# Reading: Elements of a Viewing Data Pipeline for Data Analysis

As part of the course Stat 585X I am taking this semester, I will be posting a series of responses to assigned course readings. Mostly these will be my rambling thoughts as I skim papers.

This week we are reading a paper on the elements of a data pipeline for visualization by Andrea Buja, Daniel Asimov, Catherine Hurley, and John A. McDonald, a paper published in Dynamic Graphics for Statistics from 1988. This paper, as well as a video on the software Data Viewer, lay out some fundamentel steps that transform data to be visualized on a screen as well as taking results from an interaction and returning this as data.

### What is a ‘Viewing Pipeline’?

A **viewing pipeline** is the sequence of steps necessary to transform a dataset to be visualized on a screen.

These can be thought of as a mapping of data points (transformations, rotations, projection, and clipping) to an (x,y) coordinate on a screen or paper. These operations are so prevalent in my daily life that I don’t often take the time to think of them formally. However, I did recently run into an example with my own research.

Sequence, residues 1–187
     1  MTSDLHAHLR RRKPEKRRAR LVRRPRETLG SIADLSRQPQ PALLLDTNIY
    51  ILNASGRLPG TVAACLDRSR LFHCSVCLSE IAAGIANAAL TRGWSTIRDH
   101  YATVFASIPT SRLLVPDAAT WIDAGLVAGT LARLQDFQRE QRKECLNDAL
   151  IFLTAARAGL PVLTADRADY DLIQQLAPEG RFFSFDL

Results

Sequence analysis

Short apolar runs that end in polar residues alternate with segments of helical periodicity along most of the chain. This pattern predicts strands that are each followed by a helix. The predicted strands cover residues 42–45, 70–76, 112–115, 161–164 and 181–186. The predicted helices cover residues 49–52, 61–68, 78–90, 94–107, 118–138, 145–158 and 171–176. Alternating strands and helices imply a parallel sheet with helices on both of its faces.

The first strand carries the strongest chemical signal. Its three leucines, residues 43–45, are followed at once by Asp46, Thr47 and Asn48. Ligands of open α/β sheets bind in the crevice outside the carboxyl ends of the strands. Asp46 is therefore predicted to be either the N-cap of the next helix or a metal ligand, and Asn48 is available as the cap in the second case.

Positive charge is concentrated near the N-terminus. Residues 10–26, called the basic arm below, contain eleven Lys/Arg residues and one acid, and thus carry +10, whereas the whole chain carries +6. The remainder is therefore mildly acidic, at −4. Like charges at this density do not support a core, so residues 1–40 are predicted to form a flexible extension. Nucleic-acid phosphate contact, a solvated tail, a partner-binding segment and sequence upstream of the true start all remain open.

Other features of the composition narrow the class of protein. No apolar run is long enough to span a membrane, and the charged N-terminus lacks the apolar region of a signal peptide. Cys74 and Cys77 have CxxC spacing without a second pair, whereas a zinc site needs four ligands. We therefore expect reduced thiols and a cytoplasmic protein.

### Example of a pipeline

For my masters project I was working with visualizing graph data. Graph data typically won’t come with an (x,y) for each point to then be plotted on a screen. Instead, a *graph layout* algorithm is used to calculate these coordinated. This can be thought of as the first transformation of a data pipeline. However, the fun isn’t over! These (x,y) coordinated will then need to be mapped to a set of (x,y) coordinated relative to their relation on a screen. I did this using an svg element on the screen sized to my own choosing, meaning I then needed to transform points based on this new coordinate system. This two step process was necessary simply to view a graph on the computer screen.

### Of course, there is more to it.

A pipeline, however is more than just plotting. The pipeline can be used to pass manipulated data from the interactive graphic back through and edit the data, or create an alternative view of this data. For this reason, the authors advocate that any transformations (like rescaling or recentering) be invertible.

### Respect the history

I found this paper to be quite interesting as a window back in time. Many of the elements presented in the paper and the Data Viewer software I recognize as precursers to the GGobi software, including projection pursuits and the grand tour. I also appreciated the appearance of visual inference and the lineup protocol in the paper.

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